What I Learned From First Year – University

1. You will make new friends, but old friends may not stick around for as long as you thought they would.

As I get older, I have realised many things about friendship. Firstly, it is completely unimportant to have a million friends just to say you have friends. This is not only unrealistic, but also extremely time-consuming and the magnet for drama. As I continue to make unbeknown habits of obsessing over little things and letting them ruin my day, having too many friends that weren’t really my friends made me feel insecure and unbalanced, as I was constantly scared about where I stood with many of them. It also meant that if I didn’t see them for a while, the ‘group’ would tend to disappear without me, as I had missed out on memories or felt left out of inside jokes or not being involved. Now I am ok with having one or two solid, best friends who I know I don’t have to talk to everyday, but when we do, it is like nothing changed. It makes me feel more secure and I also know that no matter what, they are there for life.

Secondly, losing friends is not the end of the world. People change and move on with their lives, and so do you. It is ok that you don’t speak to certain people as much any more, and it is also ok to let people go too. If anything, it shows that they weren’t really friends in the first place.

2. Never lose your social life for studying, and especially, for work.

I have always been a workaholic and have an exceptional skill at being busy all the time. However, many times I have taken too much on and not felt up for going out or seeing friends, or even been too stubborn to make an effort with people merely for the fact they haven’t bothered with me. I have turned down nights out because of the fear of a hangover, and missed out on some really great times because of fatigue through working too much.

I can’t stress enough the importance of just being. With nothing to do. Or everything to do. Just making time outside of responsibilities to see friends, go out, have a good time, even getting out of the house for a bit. When there is too much on it is so easy to forget to enjoy living and being yourself and embracing life and friends and juggling that with earning money. Even better, go out with work friends! Don’t isolate yourself. If you want to get shit-faced, get shit-faced! Have ten vodkas and just drink loads of water you’ll be ok pal. Just be yourself and most importantly, enjoy yourself. Be free from things that are likely to stress you out and make you feel as though what you are doing is worthless.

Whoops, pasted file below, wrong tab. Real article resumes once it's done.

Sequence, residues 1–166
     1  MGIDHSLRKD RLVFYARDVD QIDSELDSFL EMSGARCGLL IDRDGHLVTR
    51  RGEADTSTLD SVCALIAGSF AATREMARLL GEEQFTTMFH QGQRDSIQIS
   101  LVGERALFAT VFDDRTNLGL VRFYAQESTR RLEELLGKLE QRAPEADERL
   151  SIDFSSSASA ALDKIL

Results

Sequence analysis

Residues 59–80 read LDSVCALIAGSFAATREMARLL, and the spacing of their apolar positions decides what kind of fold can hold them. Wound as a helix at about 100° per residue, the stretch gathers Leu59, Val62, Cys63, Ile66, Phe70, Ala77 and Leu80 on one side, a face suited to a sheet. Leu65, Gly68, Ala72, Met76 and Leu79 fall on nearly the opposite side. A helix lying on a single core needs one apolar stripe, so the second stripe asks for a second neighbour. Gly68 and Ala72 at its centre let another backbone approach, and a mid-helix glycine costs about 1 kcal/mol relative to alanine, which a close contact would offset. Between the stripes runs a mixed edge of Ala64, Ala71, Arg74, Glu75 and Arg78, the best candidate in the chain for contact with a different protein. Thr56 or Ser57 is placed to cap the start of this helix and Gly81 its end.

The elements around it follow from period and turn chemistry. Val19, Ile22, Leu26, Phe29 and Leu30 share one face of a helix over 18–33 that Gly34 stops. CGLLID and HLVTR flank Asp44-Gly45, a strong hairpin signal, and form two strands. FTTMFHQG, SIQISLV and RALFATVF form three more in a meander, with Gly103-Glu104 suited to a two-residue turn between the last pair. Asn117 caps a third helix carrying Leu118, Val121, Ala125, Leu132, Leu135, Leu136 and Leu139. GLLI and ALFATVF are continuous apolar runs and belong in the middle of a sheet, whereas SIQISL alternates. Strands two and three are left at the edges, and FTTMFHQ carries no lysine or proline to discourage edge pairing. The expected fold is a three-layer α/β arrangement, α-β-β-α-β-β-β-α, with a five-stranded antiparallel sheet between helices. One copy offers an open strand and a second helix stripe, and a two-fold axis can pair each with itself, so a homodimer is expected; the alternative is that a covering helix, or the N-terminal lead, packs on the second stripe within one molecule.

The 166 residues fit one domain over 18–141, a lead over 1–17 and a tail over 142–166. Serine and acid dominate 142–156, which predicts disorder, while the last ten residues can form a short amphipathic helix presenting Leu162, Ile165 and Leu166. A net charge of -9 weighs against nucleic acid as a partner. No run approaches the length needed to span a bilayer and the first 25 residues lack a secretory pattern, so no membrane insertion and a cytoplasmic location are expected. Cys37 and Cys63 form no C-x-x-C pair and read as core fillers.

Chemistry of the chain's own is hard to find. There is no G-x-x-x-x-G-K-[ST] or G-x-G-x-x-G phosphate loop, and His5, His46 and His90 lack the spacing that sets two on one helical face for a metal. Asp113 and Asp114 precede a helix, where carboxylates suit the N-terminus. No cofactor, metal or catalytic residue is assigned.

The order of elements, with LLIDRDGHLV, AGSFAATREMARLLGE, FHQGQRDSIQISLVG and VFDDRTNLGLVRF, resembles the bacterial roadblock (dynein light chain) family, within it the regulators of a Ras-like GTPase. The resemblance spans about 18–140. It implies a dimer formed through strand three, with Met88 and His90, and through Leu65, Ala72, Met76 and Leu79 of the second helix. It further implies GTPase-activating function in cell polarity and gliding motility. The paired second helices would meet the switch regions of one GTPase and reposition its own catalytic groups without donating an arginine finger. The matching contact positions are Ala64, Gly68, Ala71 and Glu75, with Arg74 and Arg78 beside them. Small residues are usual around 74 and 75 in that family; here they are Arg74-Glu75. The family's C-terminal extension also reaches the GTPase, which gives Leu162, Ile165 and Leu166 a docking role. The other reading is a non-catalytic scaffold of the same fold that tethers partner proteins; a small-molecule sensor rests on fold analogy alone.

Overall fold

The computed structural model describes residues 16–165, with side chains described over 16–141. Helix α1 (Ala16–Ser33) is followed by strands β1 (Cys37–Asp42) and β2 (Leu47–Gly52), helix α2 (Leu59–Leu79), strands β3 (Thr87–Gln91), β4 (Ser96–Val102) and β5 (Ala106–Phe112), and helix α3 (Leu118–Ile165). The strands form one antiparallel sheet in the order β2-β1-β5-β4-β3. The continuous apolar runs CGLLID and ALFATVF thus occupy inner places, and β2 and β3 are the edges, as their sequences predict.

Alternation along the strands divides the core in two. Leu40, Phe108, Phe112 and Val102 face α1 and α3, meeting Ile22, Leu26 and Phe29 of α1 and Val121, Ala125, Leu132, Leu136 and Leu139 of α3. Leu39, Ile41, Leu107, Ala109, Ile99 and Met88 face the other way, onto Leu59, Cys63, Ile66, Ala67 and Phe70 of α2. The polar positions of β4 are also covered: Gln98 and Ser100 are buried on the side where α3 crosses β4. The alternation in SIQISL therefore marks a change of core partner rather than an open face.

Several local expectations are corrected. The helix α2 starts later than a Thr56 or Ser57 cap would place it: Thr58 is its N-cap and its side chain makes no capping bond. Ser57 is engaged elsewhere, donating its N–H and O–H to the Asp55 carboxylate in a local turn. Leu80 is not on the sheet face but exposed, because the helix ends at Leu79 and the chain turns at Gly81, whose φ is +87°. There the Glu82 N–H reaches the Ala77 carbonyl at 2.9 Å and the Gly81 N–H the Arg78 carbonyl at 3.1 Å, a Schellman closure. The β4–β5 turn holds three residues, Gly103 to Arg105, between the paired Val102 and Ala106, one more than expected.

3. Having every single item of clothing you have ever owned may seem like a good idea, but it is probably not.

Sooooo when I first came to Uni I was insistent that I take a shit load of clothes, shoes, bags, even room items just because of the separation anxiety and the inherent trait of hoarding that I possess thanks to my dearest Father (cheers, Dad). At first, yes, it helped the transition of moving out, even though it meant I had to travel with two cars and 30 boxes of pure things. My parents are the most amazing people. My room was the cosiest and homeyest place on the whole fucking campus. However, I had no room whatsoever for storage, but that is ok cus I have my blue drapey top that I got in Year 11 and haven’t worn for two years, just incase!!

But when I went back home, my old room felt empty and lifeless, and I also had no clothes when I went home. Plus, I actually ended up taking most of it back before Christmas anyway so it didn’t really last. I just had no clue what I needed and didn’t need, but in reality, I actually didn’t need that much or use much anyway. Making my own little space just so happened the more I lived in the room so it didn’t even matter.

4. You may feel as though you are the most independent person in the world, but you will always need your family.

I literally cannot stress enough the pure appreciation I have for my parents and how much, now, that I admit how much I need them. They are my rocks and I have never been closer to them, or my sister, in my life and it is nice because I went through a very long phase feeling very disassociated with them and not wanting to speak to them when I was at home. Being a stroppy prick of a teenager, I never realised how much I really need them until it comes to 10pm and I can’t be bothered to make dinner wishing Dad was around to cook a fat roast for you!!

5. “Don’t bother revising, First year doesn’t count anyway”.

My summer would have started 3 weeks earlier if I didn’t have to retake Economics. Just saying.

6. I am better at more things than I ever realised.